Championing far-reaching innovation at Army Futures Command

By Maureena Thompson, Army Futures CommandAugust 23, 2022

Innovation facilitates and is embedded within a wide range of modernization activities at AFC.
Innovation facilitates and is embedded within a wide range of modernization activities at Army Futures Command. (Photo Credit: U.S. Army graphic by Shelby Burns, Army Futures Command) VIEW ORIGINAL

AUSTIN, Texas – Innovation is the enabling force behind Army modernization.

At Army Futures Command, Soldiers and civilians employ promising new methods, devices and research to conceptualize and develop solutions that will have outsized impacts on the nation’s future warfighting capabilities.

This enthusiasm for – and commitment to – creative and transformational change extends beyond weapons and combat equipment to include elements such as modern talent management structures, futuristic organizational designs and nontraditional business and university partnerships.

In a May address to Congress, Lt. Gen. James M. Richardson, Acting Commanding General of Army Futures Command, underscored how Army Futures Command’s far-reaching application of innovation is as dynamic as it is imperative:

“First, innovation is about more than materiel. Armies win or lose by combination of how they fight, how they organize, and how they equip. All three start with AFC. Changes in technology require changes in how we fight and vice versa. So, we don’t develop our concepts and requirements separately and sequentially. We develop them together and iteratively.”

While the idea of continuously evolving materiel and systems to maintain a competitive edge is not new, the approaches to innovation that the command is taking are groundbreaking for a number of reasons.

First, the official mission of Army Futures Command is to provide Army modernization solutions (integrated concepts, organizations designs, and technologies) in order to allow the Joint Force, employing Army capabilities, to achieve overmatch in the future operational environment.

In other words, the command, which was established in 2018, was intentionally designed to focus all of its efforts on future readiness. The decision to inaugurate an “operational architect” of Army modernization has helped to orient modernization activities, particularly those rooted in emerging science and technology disciplines, as well as highlight the importance of imagining new ways of thinking and doing.

As a result, the command is strengthening the Army by implementing a comprehensive approach to modernization – one that enables overmatch on future battlefields and modernization at the speed of change.

Second, Army Futures Command is helping the Army reevaluate and streamline how it connects and collaborates with innovators and entrepreneurs from a variety of sectors, thereby amplifying the force’s own ability to innovate.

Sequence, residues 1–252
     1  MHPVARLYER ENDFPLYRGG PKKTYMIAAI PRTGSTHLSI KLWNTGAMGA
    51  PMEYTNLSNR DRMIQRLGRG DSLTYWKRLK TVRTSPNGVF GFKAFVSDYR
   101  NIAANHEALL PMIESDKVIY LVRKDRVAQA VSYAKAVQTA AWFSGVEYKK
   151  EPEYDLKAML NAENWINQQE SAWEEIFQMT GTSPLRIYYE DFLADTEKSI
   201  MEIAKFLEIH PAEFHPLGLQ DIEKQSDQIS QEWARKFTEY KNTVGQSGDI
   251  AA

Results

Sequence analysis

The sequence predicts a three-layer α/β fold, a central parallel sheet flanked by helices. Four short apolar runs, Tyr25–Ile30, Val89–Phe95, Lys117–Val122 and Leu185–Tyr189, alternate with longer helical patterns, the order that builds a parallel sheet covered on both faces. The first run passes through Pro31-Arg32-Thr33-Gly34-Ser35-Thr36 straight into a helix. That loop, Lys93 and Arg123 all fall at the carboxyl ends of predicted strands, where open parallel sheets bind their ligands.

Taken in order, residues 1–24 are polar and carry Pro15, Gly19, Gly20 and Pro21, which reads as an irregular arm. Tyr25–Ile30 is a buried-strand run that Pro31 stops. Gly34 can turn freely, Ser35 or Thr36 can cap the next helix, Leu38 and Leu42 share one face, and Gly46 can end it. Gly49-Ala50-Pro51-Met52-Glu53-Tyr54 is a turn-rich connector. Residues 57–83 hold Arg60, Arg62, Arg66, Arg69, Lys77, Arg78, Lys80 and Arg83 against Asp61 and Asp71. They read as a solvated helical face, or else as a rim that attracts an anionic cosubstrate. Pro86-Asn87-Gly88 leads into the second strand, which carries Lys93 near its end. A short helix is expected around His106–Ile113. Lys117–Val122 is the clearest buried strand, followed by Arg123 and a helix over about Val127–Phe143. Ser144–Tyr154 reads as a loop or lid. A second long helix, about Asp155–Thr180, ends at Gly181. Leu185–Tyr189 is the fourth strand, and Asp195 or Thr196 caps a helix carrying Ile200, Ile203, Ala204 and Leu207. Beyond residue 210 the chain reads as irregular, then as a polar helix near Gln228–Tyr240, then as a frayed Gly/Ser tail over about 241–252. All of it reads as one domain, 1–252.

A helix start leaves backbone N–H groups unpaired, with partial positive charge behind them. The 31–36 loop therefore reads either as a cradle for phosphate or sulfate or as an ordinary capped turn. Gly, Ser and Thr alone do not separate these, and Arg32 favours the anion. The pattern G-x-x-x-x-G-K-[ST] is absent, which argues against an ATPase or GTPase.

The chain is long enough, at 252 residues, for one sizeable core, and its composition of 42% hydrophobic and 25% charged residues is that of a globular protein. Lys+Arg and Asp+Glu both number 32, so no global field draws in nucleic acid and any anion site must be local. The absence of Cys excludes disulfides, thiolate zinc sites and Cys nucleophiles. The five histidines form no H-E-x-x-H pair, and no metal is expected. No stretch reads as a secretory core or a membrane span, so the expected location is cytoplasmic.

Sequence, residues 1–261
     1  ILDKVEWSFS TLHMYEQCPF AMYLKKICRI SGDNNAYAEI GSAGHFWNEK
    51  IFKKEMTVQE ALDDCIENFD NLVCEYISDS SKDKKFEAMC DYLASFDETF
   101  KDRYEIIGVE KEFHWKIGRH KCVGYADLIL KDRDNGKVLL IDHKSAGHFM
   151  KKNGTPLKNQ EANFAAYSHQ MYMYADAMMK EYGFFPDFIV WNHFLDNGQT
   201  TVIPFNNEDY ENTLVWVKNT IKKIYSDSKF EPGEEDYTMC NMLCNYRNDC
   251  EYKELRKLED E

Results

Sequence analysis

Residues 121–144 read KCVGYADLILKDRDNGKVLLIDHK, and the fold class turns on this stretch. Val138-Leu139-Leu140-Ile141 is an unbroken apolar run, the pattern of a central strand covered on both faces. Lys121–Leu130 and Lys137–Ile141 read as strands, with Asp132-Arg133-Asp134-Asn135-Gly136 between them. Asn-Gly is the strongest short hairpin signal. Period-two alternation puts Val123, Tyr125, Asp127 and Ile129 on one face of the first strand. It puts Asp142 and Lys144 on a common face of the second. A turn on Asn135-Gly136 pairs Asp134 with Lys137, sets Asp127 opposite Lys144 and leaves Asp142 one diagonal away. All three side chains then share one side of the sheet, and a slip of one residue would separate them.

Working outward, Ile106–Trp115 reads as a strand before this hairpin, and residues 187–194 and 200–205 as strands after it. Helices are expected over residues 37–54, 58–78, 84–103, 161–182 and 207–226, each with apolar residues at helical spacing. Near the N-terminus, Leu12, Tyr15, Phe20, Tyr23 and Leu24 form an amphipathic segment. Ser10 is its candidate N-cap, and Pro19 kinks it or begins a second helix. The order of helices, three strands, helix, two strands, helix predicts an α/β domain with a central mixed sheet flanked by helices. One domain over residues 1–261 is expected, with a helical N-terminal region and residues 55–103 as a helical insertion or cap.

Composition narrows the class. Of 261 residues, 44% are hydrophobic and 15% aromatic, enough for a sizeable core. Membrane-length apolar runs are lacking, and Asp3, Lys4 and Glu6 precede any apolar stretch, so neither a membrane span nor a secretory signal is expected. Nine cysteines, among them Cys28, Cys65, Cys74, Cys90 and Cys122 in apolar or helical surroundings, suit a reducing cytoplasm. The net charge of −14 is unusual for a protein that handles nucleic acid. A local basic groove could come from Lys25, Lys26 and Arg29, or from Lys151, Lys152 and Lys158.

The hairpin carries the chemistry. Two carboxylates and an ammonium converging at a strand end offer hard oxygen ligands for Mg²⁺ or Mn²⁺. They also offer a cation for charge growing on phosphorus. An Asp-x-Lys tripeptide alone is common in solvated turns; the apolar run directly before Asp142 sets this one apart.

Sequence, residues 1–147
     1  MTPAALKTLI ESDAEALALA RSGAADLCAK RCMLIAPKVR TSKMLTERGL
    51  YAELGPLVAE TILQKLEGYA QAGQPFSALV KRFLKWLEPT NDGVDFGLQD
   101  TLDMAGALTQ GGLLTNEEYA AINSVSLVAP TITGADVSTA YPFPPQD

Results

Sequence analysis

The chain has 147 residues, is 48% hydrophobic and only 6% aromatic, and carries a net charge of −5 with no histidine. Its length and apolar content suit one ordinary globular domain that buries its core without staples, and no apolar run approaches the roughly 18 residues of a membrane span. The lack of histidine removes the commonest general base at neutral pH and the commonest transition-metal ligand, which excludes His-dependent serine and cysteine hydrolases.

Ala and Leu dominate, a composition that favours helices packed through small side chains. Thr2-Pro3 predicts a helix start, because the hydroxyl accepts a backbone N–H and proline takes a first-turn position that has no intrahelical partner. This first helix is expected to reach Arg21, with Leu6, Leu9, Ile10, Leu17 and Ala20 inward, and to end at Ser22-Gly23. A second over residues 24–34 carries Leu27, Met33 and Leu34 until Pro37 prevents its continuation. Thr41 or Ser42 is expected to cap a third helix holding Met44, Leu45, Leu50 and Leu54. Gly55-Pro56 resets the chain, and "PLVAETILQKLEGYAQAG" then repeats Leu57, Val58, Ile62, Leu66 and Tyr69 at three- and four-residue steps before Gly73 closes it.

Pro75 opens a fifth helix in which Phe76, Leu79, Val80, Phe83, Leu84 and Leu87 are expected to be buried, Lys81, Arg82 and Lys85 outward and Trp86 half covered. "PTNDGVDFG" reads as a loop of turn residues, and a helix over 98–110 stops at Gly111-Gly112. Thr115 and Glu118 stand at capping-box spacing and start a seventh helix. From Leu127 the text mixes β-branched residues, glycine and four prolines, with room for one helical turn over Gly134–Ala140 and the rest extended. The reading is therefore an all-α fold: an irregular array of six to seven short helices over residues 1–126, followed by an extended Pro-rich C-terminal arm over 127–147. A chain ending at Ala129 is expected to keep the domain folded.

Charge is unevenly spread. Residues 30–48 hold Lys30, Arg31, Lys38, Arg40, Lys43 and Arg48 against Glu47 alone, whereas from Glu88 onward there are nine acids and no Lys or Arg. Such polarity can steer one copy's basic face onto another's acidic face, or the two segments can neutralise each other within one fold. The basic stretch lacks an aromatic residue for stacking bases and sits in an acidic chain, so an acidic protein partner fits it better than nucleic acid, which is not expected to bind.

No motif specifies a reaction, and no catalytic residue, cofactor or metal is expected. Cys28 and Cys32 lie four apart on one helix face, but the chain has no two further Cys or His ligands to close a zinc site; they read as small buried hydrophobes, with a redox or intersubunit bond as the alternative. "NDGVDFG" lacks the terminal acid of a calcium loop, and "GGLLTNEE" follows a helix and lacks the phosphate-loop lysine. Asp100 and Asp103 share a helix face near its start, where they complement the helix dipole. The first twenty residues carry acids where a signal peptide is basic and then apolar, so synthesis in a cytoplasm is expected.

Without sacrificing time-honored traditions or field-proven ways of operating, the command and its partners are exploring how to fold in state-of-the-art practices and tools to improve outcomes for Soldiers and for the Army as a whole.

The process involves placing prominence on Soldier-centered design, which keeps the operational needs of the end user – the Soldier – at the forefront of prototyping efforts.

Empowered by the opportunity to draw on the most groundbreaking methods and ideas, including those culled from Soldiers themselves, the command is innovating quickly and effectively to transform how future warfighters will operate in fast-paced, high-tech and multi-domain environments.

Recognizing that people are the foundation of a data-centric Army, the command is also experimenting with how to best integrate cutting-edge talent as part of the Joint Force.

This experimentation feeds into a third unique activity of Army Futures Command, which is leveraging best practices from leading businesses and the tech industry to foster a culture of innovation and rapid advancement.

In addition to partnering with the commercial sector to envision future products, the command is evaluating how incorporating key tactics – such as openness to new ideas, a willingness to fail fast and fail early, and implementation of flexible personnel hiring and training mechanisms – can produce a more agile and competitive organization.

The result of these efforts and others is a command that is invigorated by its ability to achieve leap-ahead progress across multiple fields and that understands the intrinsic value of an innovative mindset.

Joe Parson, Senior Technical Advisor with the command’s Synthetic Training Environment Cross-Functional Team, sees innovation as “the process of creating value by applying novel solutions to meaningful problems.”

Master Sgt. Nathan Hunsaker, Tactical Radio Lead for the Network Cross-Functional Team’s Unified Network Portfolio, describes innovation as “going from evolutionary, in the context of technology, to revolutionary” – a progression that involves “understanding what is in the art of the possible, rather than the art of the probable, and trying to achieve that.”

In characterizing how they innovate, staff are often eager to emphasize why they innovate, stressing the importance of being future-ready in order to keep Soldiers safe and America strong.

“We can’t rest on our laurels, we can’t rely on what we were doing yesterday,” Parson said.

Hunsaker agrees with the sentiment.

“As our near-peer adversaries advance in technology, we have to be willing to take risks to get ahead,” he said.


To hear Army Futures Command staff perspectives on innovation in their own words, view the video here.